CHARLOTTE, NC (WBTV) - The bad economy is taking some of the power out of Powerball. The North Carolina Education Lottery won't raise as much money in the current fiscal year as it did last year.
And it could be another crippling blow to the classroom.
North Carolina's Lottery is projected to bring in $40 million less than expected because of weak ticket sales.
The Powerball jackpots this year haven't been as big and enticing. Plus, the economy is taking a toll on ticket sales.
All the school districts in the state can expect to be getting less money from the lottery, although it's too early to know how much right now.
It's another financial blow for a state education system already bracing for budget cuts.
These are the stories that win peoples' hearts.
In Arizona, a 64-year old grandmother hit the Powerball jackpot last week claiming the $95 million grand prize.
"Speechless," she said. "I can make so many changes not in my own life but life for other people besides my family."
But the big jackpots haven't materialized and they're what drive big interest in the lottery.
By this time last year for example Powerball had two major jackpots of more than $200 million.
Willie West runs the Rainbow Grill in north Charlotte, a business he's owned for 41 years. It's been a profitable business flipping burgers four decades.
Five years ago when the lottery was born he thought he thought he'd make some money on it, but he didn't.
"I was losing money every week. I lost a lot of money messing with the lottery. I wish I'd never done it," he said.
West was one of Mecklenburg's first lottery retailers. He sent the lottery packing. It's another reason the games aren't bringing in as much - retailer enthusiasm has fallen off.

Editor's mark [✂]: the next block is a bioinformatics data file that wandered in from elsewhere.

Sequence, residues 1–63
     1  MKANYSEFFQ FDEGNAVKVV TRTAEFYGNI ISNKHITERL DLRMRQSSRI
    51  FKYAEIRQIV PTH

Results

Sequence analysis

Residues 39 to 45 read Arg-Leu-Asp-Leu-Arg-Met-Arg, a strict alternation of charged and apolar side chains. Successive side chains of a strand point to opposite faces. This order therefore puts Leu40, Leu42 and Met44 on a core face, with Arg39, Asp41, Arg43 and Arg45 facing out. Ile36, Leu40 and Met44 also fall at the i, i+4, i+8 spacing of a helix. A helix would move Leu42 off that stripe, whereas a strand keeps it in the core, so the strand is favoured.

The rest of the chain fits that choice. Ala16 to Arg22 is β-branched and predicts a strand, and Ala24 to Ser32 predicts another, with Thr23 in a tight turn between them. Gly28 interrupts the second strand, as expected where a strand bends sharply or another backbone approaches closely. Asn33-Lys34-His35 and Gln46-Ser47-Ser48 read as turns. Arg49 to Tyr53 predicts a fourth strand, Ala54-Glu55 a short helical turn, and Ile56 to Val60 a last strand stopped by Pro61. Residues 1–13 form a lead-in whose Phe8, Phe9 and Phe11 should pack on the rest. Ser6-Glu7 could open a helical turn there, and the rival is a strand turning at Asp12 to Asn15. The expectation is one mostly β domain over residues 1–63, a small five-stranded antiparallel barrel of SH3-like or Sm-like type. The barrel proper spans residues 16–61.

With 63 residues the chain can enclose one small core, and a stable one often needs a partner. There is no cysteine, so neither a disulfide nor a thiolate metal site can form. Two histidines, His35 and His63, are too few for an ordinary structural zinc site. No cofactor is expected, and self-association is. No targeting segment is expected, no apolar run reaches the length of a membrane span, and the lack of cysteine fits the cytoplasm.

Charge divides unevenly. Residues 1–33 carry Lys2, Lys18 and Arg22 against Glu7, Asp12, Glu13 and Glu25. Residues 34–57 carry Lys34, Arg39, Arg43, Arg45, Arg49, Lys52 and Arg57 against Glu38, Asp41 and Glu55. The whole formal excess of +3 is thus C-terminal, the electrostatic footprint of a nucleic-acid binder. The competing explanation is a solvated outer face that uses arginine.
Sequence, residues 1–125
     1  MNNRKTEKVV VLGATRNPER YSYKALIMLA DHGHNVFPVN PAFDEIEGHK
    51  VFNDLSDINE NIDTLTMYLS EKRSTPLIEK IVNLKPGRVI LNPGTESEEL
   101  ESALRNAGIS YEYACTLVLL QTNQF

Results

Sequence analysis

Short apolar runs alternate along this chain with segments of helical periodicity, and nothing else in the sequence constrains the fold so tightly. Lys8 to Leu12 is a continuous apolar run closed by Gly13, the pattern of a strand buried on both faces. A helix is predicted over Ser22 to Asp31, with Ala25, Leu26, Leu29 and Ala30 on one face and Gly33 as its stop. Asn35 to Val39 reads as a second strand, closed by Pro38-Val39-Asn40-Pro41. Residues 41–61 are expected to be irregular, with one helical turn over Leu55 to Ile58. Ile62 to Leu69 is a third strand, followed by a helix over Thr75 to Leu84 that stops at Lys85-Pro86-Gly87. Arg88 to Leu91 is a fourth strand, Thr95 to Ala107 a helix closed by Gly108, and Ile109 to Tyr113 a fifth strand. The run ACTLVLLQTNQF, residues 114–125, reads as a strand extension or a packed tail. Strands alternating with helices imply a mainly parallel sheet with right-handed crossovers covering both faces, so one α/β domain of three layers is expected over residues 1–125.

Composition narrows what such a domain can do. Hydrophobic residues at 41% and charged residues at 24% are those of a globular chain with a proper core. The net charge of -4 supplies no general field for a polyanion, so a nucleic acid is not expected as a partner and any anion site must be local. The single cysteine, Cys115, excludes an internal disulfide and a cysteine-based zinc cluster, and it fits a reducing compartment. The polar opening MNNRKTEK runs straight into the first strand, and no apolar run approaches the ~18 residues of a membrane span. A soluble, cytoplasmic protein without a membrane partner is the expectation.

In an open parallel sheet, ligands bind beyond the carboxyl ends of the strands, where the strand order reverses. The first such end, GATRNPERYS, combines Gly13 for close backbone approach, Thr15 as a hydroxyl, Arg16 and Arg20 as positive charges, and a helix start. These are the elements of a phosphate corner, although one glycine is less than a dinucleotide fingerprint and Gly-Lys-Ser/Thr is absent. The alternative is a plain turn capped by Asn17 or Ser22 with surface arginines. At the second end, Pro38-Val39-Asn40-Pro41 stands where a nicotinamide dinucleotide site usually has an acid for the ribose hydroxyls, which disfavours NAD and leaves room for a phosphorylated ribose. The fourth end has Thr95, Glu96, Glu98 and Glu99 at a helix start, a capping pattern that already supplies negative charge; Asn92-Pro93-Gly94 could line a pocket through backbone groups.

The slowdown in the economy also hurting sales as people spend less on entertainment and pay down their debts.
"State lotteries in general always over promise and under perform."
If trends continue the North Carolina Education Lottery will bring in about $40 million less this year.
But the state is not alone of the 43 state lotteries across the U.S.A. only six are holding steady or gaining income.
In North Carolina's case, the lottery is nearly five years old and the newness may have worn off, says UNC Charlotte economist John Connaughton.
"There's this big ramp up of pent up demand that occurs in the first few years and then people start to realize how likely it is they're going to win. So consequently the demand for the product goes down," he said.
It all means less money for education at a time the state's schools need the dollars.
Will lottery revenue rebound? Most likely say economists especially when there are diehard lottery players like Willie West.
"A man's a fool to mess with it. I tell you that, but I'm a fool," joked West.
The Lottery is cutting expenses and hopes it can make up some of what it was projected to earn by next summer by introducing some new games and building up its network of retailers.
The Lottery Commission is looking to hire a new executive director after the man brought in to launch it, Tom Shaheen, left to take another job in the lottery industry.
The commission has picked four finalists and will conduct interviews next month.
Copyright 2010 WBTV. All rights reserved.
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